The Forest Service (with significant technical assistance from FLUP) is responsible for overall management and control of the forest. It establishes technically acceptable harvest rates, supervises tree planting and forest-management activities, and supervises forest guards, hired from outside the area to control grazing and illegal harvesting.
The cooperative (established with assistance from CLUSA) has been granted exclusive rights to collect and market all harvestable wood in the forest, consistent with the management guidelines established by the project. Income from sale of wood is distributed on an equal-share basis among resident villagers.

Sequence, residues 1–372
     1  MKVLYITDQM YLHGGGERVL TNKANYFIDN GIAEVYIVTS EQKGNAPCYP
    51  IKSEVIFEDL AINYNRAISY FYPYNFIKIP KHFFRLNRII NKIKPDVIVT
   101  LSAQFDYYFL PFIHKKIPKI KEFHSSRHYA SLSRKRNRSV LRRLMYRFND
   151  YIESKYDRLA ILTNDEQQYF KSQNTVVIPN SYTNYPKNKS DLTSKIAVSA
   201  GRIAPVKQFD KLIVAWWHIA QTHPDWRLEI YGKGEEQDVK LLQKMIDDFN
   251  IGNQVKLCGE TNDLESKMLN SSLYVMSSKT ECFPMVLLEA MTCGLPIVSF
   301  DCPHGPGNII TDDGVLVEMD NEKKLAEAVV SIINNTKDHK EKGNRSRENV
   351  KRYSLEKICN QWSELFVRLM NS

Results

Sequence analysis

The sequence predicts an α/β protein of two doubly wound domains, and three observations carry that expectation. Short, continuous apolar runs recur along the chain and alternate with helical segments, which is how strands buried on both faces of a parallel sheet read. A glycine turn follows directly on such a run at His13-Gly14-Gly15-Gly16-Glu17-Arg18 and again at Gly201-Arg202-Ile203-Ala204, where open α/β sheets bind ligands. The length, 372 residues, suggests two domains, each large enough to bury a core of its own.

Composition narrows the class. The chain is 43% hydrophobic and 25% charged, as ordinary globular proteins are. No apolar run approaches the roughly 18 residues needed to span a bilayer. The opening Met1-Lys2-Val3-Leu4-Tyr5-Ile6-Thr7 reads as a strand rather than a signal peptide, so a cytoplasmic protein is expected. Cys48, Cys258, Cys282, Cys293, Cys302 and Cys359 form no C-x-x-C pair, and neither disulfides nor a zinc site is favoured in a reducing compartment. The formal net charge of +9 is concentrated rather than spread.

The cooperative in turn grants permits to local woodcutters to harvest 3 wood. Cutters pay 1,000 CFA per month to harvest a maximum of 25 m of fuel wood each. Approximately 150 woodcutters work the forest reserve at any given time.
The Guesselbodi model provides an appropriate mix of state and user roles. Here the state established overall use standards and grants use rights to a credible local group (the cooperative) which can organize utilization for the benefit of local residents. It is important to note that the state retains its rights over determining harvest rates and other management policies. Importantly, the state takes an active role in the enforcement program. Rigorous enforcement of rules against overuse by local residents is something the cooperative would have difficulty doing.
Steven W. Lawry, "Tenure Policy and Natural Resource Management in Sahelian West Africa." draft (Madison: Land Tenure Center, University of Wisconsin, January 1989), at pp. 6-7.